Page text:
Open Floor Sunday

The floor is yours.  Ask your questions.  Make your comments. You know the rules. If it has to do with publishing, it’s fair game. But no politics – not unless it is essential to the topic. Also, if there’s a particular topic you’d like one of us to blog about, let us know. We’ll be dropping by during the day to comment and answer your questions.

The floor is now yours!

 

9 comments

  1. First question: Why is it that you can sit undisturbed forever if you’re only reading content, but a cat will inevitably materialize in your lap seconds before you were going to reach for thr keyboard to comment?

    Second (and possibly more relevant) question: I’m trying to puzzle out the relative merits of two different approaches to the emerging new landscape of the publishing world. I see two basic models for making use of the “flatter” landscape afforded by the growing number of pathways around the traditional publishing model’s chokehold on shelf-space. One approach would be to pick a particular mechanism for getting content out (SmashWords, small-press, whatever) and try to concentrate as much material in the place as possible. The other would be to fire off small packets of work via every possible avenue.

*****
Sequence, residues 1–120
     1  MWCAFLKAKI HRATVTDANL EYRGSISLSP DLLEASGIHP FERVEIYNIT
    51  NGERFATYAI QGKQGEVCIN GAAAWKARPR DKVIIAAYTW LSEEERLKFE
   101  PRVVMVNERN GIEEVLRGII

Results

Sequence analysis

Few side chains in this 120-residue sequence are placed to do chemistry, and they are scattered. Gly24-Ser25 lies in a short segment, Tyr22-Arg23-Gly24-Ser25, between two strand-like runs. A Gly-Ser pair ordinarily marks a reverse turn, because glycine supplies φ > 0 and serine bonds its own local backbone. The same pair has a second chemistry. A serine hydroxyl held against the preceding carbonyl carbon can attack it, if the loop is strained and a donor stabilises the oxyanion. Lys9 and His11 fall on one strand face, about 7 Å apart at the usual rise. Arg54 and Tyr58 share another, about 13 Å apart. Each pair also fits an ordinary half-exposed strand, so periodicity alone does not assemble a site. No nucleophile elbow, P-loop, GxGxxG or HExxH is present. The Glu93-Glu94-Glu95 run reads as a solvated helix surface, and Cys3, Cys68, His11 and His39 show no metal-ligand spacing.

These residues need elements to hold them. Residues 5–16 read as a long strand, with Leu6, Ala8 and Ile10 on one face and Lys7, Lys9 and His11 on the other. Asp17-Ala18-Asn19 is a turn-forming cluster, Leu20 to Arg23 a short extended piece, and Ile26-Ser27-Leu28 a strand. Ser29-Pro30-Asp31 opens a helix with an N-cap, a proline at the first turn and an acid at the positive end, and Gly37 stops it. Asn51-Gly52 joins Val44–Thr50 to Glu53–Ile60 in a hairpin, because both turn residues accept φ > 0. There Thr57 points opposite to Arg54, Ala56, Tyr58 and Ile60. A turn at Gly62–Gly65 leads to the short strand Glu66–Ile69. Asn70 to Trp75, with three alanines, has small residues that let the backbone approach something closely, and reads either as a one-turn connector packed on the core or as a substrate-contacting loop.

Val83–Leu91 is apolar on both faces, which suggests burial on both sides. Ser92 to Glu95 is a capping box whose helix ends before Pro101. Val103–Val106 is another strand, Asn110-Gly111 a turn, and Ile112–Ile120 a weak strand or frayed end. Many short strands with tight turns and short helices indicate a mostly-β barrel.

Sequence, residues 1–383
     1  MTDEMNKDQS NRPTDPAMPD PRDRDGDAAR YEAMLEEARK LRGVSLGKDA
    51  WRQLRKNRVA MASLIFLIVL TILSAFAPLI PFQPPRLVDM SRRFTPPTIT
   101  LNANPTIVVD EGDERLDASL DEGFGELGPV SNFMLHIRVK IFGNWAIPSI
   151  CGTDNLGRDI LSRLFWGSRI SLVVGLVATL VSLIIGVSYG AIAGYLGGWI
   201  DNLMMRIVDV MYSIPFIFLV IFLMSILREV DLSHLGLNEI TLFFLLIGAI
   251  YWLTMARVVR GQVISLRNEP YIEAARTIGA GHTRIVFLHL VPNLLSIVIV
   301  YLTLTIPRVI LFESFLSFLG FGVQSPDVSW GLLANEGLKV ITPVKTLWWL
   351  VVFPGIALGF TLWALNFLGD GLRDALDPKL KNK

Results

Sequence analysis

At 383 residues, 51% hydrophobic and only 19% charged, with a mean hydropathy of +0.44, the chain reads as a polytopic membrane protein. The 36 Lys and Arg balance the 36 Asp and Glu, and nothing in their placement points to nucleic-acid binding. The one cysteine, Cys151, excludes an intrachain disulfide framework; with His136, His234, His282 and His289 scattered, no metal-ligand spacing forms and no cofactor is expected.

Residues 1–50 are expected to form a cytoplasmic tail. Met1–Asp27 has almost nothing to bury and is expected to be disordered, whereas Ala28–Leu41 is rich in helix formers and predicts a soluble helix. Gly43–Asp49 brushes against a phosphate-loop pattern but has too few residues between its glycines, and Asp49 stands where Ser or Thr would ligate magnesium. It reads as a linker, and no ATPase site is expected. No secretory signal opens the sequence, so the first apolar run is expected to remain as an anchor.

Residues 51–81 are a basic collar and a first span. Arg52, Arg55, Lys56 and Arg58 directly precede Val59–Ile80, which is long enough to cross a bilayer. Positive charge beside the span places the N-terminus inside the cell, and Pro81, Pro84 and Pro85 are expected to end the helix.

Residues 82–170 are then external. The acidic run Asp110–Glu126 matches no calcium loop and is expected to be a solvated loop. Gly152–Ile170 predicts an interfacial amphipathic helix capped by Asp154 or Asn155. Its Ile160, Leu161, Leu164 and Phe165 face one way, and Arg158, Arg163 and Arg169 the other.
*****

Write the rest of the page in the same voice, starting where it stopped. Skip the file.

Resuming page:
The latter would (in theory, at least) expose many more prospective readers to at least *something* with your name on it. But while the former would mean encountering a smaller number of potential readers, those who do stumble across the work will see all of it — hopefully increasing the chance they might find something that interests them. I’m leaning toward the big-pile-in-one-place idea, with the knowledge that word-of-mouth is on your side (assuming the stories are good enough for people to talk about them). But that could just bemy inherent laziness talking, manufacturing a rationale for avoiding the more labor-intensive option.

    Thoughts?

      1. Well, yeah, there is the “only human” aspect here, too. My time for writing is severely limited most of the time. So I don’t have enough “product” to cast the net as widely as I’d like.

  2. Steve, I say go with the shotgun approach. Send some of your work out to traditional publishers. There are still readers who will only buy from the established houses. But — and this is the big but — if you are offered a contract, make sure to have an IP attorney go over it with a fine-toothed comb. While you are going the traditional route, go the small press route as well. Don’t make me send the orcs out with clubs to kneecap you for not sending to NRP [VBEG]. Do some self-publishing if you want. Just be sure to have it well-edited and formatted if you do. Do NOT trust the smashwords meatgrinder to do it all for you.

    As for your really important question about cats, the answer is simple. They’re cats. It’s what they do.

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